Microsoft doesn't want us to be scared of AI - but is it doing enough?

 Illustration of Scientist and giant robot
Illustration of Scientist and giant robot

Microsoft has become one of the biggest names in artificial intelligence and brought us the quirky and sometimes strange Bing Chat AI. The company has heavily invested in AI, and has now come up with three commitments to keep the company, and the technology, in check. Laws and regulations are rushing to catch up with AI, falling so far behind where we need them to be that Open AI’s CEO bounced around government institutions to beg for regulation.

In his statement to Congress earlier in the year Sam Altman was clear that the dangers of unregulated AI and diminishing trust are a global issue, ending with the strong statement that "this is not the future we want."

In order to help keep AI in check, Microsoft’s “AI Customer Commitments” aim to act as both self-regulation but also customer reassurance. The company plans on sharing what it’s learning about developing and deploying AI responsibly and assisting users in doing the same.

Antony Cook, Microsoft Corporate Vice President and Deputy General Counsel shared the following core commitments in a blog post:

“Share what we are learning about developing and deploying AI responsibly”

The company will share knowledge and publish key documents to allow consumers to learn from, including the company’s internal Responsible AI Standard, AI Impact Assessment Template, Transparency Notes and more. It will also be rolling out a training curriculum that is used to train Microsoft employees to give us insight into the ‘culture and practice at Microsoft’.

As part of the information share, Microsoft says it will ‘invest in dedicated resources and expertise in regions around the world’ to respond to questions and implement responsible AI use.

Having global ‘representatives’ and councils would boost not just the spread of the technology to non-western regions, but would also remove language and cultural barriers that come with having the technology heavily based and discussed in the English language. People will be able to discuss their own concerns in a familiar language, and with people that really understand where these concerns are coming from.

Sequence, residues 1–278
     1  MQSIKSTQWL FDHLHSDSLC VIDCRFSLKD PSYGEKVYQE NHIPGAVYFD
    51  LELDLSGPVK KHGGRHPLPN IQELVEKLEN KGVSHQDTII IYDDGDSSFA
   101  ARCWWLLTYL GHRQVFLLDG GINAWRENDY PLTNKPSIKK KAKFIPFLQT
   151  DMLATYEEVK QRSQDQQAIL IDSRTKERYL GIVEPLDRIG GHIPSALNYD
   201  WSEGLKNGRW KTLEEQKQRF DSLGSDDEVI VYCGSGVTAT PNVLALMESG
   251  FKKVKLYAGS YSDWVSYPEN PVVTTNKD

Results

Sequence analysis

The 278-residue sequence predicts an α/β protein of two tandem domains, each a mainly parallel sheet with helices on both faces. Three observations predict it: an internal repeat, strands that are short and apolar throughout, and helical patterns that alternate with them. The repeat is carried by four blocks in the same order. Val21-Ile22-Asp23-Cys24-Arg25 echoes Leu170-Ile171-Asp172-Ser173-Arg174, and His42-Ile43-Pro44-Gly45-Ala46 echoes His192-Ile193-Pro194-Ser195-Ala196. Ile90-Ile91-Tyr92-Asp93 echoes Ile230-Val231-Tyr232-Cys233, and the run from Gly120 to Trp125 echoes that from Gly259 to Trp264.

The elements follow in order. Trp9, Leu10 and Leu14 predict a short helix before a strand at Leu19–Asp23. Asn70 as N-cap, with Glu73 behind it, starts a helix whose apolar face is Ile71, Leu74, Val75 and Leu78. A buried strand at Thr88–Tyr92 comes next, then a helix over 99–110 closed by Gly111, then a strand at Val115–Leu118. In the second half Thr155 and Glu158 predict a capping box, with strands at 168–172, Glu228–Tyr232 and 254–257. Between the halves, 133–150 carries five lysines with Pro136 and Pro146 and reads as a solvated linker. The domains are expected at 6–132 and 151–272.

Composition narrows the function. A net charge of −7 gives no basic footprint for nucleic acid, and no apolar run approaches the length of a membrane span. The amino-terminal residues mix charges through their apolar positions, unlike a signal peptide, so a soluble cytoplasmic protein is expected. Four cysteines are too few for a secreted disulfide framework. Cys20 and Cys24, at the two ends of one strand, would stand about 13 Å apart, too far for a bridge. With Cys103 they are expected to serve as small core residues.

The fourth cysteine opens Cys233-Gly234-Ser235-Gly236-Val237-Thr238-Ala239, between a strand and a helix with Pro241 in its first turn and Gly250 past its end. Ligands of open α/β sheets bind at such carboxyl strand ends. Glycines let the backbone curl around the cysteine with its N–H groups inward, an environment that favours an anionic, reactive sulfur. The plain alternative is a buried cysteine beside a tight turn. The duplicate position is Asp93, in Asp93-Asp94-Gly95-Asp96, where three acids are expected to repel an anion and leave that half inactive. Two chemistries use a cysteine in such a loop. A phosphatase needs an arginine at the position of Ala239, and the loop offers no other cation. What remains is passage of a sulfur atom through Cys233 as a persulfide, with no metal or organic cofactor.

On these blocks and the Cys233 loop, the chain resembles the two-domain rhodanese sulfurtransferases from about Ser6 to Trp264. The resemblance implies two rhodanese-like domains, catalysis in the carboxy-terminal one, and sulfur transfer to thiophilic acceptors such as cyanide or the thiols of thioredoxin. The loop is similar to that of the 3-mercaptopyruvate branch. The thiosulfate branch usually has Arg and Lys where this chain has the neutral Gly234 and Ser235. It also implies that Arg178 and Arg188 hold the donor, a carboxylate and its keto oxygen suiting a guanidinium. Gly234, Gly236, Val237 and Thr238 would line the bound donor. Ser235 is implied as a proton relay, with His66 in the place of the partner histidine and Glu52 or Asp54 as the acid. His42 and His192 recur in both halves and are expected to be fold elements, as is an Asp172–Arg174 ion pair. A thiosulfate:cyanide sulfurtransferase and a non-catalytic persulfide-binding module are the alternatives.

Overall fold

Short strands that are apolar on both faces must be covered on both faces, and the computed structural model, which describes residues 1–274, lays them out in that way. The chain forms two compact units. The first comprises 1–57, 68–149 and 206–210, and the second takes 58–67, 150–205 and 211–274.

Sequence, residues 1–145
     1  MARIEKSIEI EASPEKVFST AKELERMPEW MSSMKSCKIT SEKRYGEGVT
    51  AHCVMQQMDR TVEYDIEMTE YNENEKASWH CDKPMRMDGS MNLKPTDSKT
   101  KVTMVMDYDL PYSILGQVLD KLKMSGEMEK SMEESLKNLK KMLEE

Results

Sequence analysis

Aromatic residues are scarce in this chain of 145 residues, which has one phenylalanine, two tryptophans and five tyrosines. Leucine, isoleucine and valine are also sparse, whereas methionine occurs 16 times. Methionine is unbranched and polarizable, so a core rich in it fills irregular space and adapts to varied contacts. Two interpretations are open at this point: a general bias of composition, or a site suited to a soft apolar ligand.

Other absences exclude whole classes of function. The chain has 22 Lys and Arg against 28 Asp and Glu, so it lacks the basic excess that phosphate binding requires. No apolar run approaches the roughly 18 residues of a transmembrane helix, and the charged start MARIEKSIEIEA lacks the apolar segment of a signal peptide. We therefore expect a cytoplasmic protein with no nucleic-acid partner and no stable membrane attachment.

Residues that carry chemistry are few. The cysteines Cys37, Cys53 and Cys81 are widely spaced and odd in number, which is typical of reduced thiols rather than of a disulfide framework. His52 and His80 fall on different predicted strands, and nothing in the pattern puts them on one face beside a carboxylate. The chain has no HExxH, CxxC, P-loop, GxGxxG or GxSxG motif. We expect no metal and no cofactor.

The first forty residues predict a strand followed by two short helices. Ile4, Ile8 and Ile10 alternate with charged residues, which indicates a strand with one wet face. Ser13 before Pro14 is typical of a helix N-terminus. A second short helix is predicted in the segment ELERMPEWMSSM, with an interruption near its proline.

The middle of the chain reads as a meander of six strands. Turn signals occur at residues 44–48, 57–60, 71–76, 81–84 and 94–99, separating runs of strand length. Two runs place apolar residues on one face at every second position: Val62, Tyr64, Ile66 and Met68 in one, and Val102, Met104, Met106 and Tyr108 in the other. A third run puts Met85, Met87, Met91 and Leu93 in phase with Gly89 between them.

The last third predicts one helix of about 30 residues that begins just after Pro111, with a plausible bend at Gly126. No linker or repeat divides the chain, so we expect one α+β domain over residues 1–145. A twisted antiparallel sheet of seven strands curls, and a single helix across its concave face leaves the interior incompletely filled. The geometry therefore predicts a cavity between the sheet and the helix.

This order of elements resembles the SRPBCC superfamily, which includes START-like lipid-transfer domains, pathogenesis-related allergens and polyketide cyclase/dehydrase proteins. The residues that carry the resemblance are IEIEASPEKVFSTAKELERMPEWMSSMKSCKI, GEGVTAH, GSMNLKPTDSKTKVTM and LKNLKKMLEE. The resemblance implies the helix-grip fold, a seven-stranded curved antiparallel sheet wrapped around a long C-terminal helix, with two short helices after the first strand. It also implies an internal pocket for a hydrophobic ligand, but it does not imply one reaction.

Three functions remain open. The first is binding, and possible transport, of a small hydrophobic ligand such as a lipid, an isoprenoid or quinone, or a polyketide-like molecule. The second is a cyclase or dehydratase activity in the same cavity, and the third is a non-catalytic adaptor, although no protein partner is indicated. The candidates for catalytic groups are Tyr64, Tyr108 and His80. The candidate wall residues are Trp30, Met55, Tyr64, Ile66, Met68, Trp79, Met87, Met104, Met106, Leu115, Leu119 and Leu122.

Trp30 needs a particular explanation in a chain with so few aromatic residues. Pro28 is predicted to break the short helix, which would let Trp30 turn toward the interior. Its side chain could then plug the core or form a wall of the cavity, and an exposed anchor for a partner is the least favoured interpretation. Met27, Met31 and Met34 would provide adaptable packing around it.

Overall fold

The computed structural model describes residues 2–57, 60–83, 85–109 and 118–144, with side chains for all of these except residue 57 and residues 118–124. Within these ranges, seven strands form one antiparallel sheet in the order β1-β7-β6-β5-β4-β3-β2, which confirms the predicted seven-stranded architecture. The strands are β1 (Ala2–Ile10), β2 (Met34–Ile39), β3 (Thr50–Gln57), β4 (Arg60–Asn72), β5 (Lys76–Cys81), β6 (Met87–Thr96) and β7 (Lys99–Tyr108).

"Creating an AI Assurance Program"

The AI Assurance Program is basically there to help ensure that however you use AI on Microsoft’s platforms it meets the legal and regulatory requirements for responsible AI. This is a key factor in ensuring people use the technology safely and securely, as most people wouldn’t consider legality when using Bing Chat AI so having transparency allows users to feel safe.

Microsoft says it will also bring customers together in “customer councils”  to hear their views and receive feedback on its most recent tools and technology.

Finally, the company has committed to playing an active role in engaging with governments to promote AI regulation and present proposals to government bodies and its own stakeholders to prop up appropriate frameworks.

"Support you as you implement your own AI systems responsibly"

Finally, Microsoft plans to put together a “dedicated team of AI legal and regulatory experts” around the world as a resource for you and your business when using artificial intelligence.

Microsoft taking users who use their artificial intelligence capabilities for their businesses into consideration is a pleasant addition to its AI commitments, as many people have now slowly incorporated the tech into their ventures, having to figure out and balance their approach on their own.

Having resources from the company behind the tools will prove to be incredibly helpful for business owners and their employees in the long run, giving them steps and information they can rely on when using Microsoft's AI responsibly.

Too little too late

Putting the technology out into the world and then discussing how to care for the people using it after the fact is a failure on Microsoft’s part.

Microsoft publicizing its AI commitments not long after cutting its pioneering Ethics and Society team that was involved in the early work of software and AI development is a bit strange, to say the least. It doesn’t fill me with a lot of confidence that these commitments will be adhered to if the company is willing to get rid of its ethics team.

While I can acknowledge that artificial intelligence is an unpredictable technology at the best of times (we have seen Bing Chat do some very strange things, after all) it seems like the AI Customer Commitments Microsoft is now putting in place is something that we should have seen a lot earlier. Putting the technology out into the world and then discussing how to care for the people using it after the fact is a failure on Microsoft’s part.